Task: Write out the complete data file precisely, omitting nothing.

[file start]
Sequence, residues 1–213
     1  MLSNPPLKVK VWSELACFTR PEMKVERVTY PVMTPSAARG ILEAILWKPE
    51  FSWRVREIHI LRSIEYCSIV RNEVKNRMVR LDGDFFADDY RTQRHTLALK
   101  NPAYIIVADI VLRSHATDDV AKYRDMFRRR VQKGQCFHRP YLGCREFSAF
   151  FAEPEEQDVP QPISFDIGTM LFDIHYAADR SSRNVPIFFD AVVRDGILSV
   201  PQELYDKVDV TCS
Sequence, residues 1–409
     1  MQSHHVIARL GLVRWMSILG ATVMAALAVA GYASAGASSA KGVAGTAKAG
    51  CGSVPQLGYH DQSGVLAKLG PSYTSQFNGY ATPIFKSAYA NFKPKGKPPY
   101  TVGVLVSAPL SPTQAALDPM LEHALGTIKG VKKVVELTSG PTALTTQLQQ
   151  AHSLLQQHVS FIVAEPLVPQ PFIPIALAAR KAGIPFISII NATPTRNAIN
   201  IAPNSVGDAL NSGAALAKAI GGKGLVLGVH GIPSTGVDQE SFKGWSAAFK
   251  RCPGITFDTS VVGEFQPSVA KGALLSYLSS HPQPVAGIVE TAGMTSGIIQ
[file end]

Sequence, residues 1–213
     1  MLSNPPLKVK VWSELACFTR PEMKVERVTY PVMTPSAARG ILEAILWKPE
    51  FSWRVREIHI LRSIEYCSIV RNEVKNRMVR LDGDFFADDY RTQRHTLALK
   101  NPAYIIVADI VLRSHATDDV AKYRDMFRRR VQKGQCFHRP YLGCREFSAF
   151  FAEPEEQDVP QPISFDIGTM LFDIHYAADR SSRNVPIFFD AVVRDGILSV
   201  PQELYDKVDV TCS
Sequence, residues 1–409
     1  MQSHHVIARL GLVRWMSILG ATVMAALAVA GYASAGASSA KGVAGTAKAG
    51  CGSVPQLGYH DQSGVLAKLG PSYTSQFNGY ATPIFKSAYA NFKPKGKPPY
   101  TVGVLVSAPL SPTQAALDPM LEHALGTIKG VKKVVELTSG PTALTTQLQQ
   151  AHSLLQQHVS FIVAEPLVPQ PFIPIALAAR KAGIPFISII NATPTRNAIN
   201  IAPNSVGDAL NSGAALAKAI GGKGLVLGVH GIPSTGVDQE SFKGWSAAFK
   251  RCPGITFDTS VVGEFQPSVA KGALLSYLSS HPQPVAGIVE TAGMTSGIIQ